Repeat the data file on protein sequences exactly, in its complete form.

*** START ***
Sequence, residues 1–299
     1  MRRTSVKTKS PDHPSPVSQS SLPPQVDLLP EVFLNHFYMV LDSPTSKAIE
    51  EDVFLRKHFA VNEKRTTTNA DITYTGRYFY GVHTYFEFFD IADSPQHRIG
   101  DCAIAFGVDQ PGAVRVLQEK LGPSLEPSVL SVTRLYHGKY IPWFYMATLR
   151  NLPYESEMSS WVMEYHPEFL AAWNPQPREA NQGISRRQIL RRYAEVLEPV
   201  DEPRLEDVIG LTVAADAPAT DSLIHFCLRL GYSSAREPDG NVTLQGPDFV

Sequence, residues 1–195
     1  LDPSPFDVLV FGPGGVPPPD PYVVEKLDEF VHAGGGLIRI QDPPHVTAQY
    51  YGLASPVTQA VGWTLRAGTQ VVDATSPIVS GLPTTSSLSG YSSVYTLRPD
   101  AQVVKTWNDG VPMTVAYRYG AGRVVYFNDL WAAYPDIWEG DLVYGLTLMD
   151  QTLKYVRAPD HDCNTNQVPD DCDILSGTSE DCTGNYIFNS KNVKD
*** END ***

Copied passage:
Sequence, residues 1–299
     1  MRRTSVKTKS PDHPSPVSQS SLPPQVDLLP EVFLNHFYMV LDSPTSKAIE
    51  EDVFLRKHFA VNEKRTTTNA DITYTGRYFY GVHTYFEFFD IADSPQHRIG
   101  DCAIAFGVDQ PGAVRVLQEK LGPSLEPSVL SVTRLYHGKY IPWFYMATLR
   151  NLPYESEMSS WVMEYHPEFL AAWNPQPREA NQGISRRQIL RRYAEVLEPV
   201  DEPRLEDVIG LTVAADAPAT DSLIHFCLRL GYSSAREPDG NVTLQGPDFV

Sequence, residues 1–195
     1  LDPSPFDVLV FGPGGVPPPD PYVVEKLDEF VHAGGGLIRI QDPPHVTAQY
    51  YGLASPVTQA VGWTLRAGTQ VVDATSPIVS GLPTTSSLSG YSSVYTLRPD
   101  AQVVKTWNDG VPMTVAYRYG AGRVVYFNDL WAAYPDIWEG DLVYGLTLMD
   151  QTLKYVRAPD HDCNTNQVPD DCDILSGTSE DCTGNYIFNS KNVKD